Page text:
Can the hosptial provide paperwork to prove my dad is incapacitated?

Delia-p asked...

My father is in the hospital, he is in a coma and they are not sure if he will live or die. He owns a small business and my step mother does not have access to the business checking account to pay his restaurant bills. Can the hospital provide me with the proper paper work to take to the bank, so that my step mother can pay the bills? I know my father should have completed power of attorney but he did not. He thought he was too young for that.


Expert Answer

Carolyn Rosenblatt, R.N. and Attorney is the author of author of The Boomer's Guide to Aging Parents. She has over 40 years of combined experience in her two professions. As a nurse, she has extensive experience with geriatrics, chronic illness, pain management, dementias, disability, family dynamics, and death and dying. As a trial attorney, she advocated for for the rights of injured individuals and neglected elders. She is also co-founder of

Your question about whether the hospital can provide paperwork for the bank to prove that your father is incapacitated has a long and a short answer. The short answer is "no".

"The hospital" is not a person and as such can't help. The bank is probably not going to be willing to accept a statement, even from your father's treating physician that your father is incapacitated,thereby giving your mother access to the account unless your father signed something allowing this.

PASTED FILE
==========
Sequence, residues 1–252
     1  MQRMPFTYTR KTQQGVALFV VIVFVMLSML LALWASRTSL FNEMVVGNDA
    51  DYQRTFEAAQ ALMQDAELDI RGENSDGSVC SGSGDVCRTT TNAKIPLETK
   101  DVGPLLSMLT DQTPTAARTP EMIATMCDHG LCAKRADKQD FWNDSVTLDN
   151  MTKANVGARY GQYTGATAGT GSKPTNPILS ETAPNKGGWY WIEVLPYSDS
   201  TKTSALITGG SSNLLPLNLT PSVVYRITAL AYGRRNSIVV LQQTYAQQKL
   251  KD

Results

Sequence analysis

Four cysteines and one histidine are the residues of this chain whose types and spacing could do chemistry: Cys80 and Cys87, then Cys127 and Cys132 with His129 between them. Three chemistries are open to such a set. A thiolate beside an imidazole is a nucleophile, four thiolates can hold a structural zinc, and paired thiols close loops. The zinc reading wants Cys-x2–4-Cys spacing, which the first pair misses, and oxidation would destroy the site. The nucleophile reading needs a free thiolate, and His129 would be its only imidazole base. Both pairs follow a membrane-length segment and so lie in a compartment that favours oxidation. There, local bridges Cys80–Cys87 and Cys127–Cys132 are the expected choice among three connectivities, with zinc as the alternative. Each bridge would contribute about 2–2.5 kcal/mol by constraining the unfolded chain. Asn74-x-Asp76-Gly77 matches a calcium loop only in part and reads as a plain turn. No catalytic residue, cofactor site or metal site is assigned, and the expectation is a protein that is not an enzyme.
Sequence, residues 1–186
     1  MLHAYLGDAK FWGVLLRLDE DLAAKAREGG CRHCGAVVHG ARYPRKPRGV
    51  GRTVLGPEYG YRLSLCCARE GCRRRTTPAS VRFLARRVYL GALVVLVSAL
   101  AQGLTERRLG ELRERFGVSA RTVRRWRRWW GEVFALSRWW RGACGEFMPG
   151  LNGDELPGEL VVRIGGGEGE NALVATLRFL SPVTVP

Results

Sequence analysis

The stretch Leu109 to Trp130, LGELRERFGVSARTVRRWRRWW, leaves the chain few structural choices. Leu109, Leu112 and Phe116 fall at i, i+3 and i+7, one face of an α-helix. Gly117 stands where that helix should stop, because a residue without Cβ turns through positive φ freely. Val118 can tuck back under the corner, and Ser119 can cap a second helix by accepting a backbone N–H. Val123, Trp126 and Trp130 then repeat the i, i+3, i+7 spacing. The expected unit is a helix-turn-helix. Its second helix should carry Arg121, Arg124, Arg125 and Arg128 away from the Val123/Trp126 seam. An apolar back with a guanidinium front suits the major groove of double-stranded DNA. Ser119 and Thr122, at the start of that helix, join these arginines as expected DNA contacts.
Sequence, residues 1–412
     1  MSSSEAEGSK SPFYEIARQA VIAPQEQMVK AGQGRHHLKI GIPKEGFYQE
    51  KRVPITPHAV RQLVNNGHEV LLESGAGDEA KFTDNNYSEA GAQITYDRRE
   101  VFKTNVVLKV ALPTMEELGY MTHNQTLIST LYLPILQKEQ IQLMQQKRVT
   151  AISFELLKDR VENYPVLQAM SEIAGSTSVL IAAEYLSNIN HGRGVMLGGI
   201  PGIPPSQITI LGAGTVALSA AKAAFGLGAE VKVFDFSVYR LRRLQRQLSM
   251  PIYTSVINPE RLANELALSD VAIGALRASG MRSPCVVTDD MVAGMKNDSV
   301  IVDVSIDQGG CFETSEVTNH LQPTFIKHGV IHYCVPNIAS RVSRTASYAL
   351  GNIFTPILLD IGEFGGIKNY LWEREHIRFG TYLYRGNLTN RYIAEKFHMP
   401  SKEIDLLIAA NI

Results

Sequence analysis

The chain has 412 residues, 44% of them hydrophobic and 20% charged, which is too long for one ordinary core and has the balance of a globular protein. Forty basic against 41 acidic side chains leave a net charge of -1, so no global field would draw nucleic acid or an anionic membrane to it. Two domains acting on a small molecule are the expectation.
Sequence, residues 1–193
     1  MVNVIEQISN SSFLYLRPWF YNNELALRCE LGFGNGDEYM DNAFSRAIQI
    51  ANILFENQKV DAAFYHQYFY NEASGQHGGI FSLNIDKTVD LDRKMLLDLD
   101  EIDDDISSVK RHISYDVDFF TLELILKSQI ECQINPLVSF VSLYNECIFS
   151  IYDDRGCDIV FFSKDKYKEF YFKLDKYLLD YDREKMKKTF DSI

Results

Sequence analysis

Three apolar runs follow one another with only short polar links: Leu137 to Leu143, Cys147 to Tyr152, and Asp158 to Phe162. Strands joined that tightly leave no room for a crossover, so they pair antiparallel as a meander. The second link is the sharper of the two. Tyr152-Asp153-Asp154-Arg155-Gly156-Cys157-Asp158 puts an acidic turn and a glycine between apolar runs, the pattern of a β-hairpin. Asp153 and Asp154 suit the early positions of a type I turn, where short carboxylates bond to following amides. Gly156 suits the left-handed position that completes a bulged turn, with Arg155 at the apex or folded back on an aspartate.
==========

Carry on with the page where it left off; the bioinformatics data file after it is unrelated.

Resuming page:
Banks have their own rules about who can have access to the business account (or any account), and they normally require permission from the account holder, such as a durable power of attorney, or the bank's own form power of attorney, both of which would have to be signed by your father. Without something in writing from your father or the business representative for the business itself, the bank is not allowed to give access to the account to others, related or not. They have to follow the law that prevents unauthorized persons from accessing a customer's account.

The only alternative that may be left is to have a family member appointed your father's guardian by a court. That will require proof of his incapacity in the form of a declaration (sworn statement) by the treating physician, and whatever other proof of the need for guardianship the court in your state requires. I suggest that you seek the immediate advice of an elder law attorney in your area and ask about getting an emergency guardianship. A guardian can sign checks and have access to all the financial records for your father. Getting a guardianship is going to cost money for attorney's fees and court, as well as the doctor's help. A court order appointing a guardian is something the bank is required to follow, and it must then allow the guardian access.

The startling thing about this situation, despite all the information about it, is that your father never signed a durable power of attorney and that no one in your family insisted upon that. Failing to get this document signed resulted in the crisis and expense you now face.

I hope that you, personally, will get your own durable power of attorney signed so that you will never have to burden your loved ones as you are now being burdened. The document is free (find the CA version on my website at and it costs no more than the notary's charge to witness your signature to complete it. Keep the original in a safe place, let the agent you appoint know where it is, and give a copy to that agent. This person should be someone totally trustworthy to act on your behalf, should you become incapacitated yourself one day. If you are a middle aged person, you are not "too young" to get yours done to prevent stress and expense for your family should they ever need it. No one is immune from possibly becoming incapacitated. We all need to be prepared.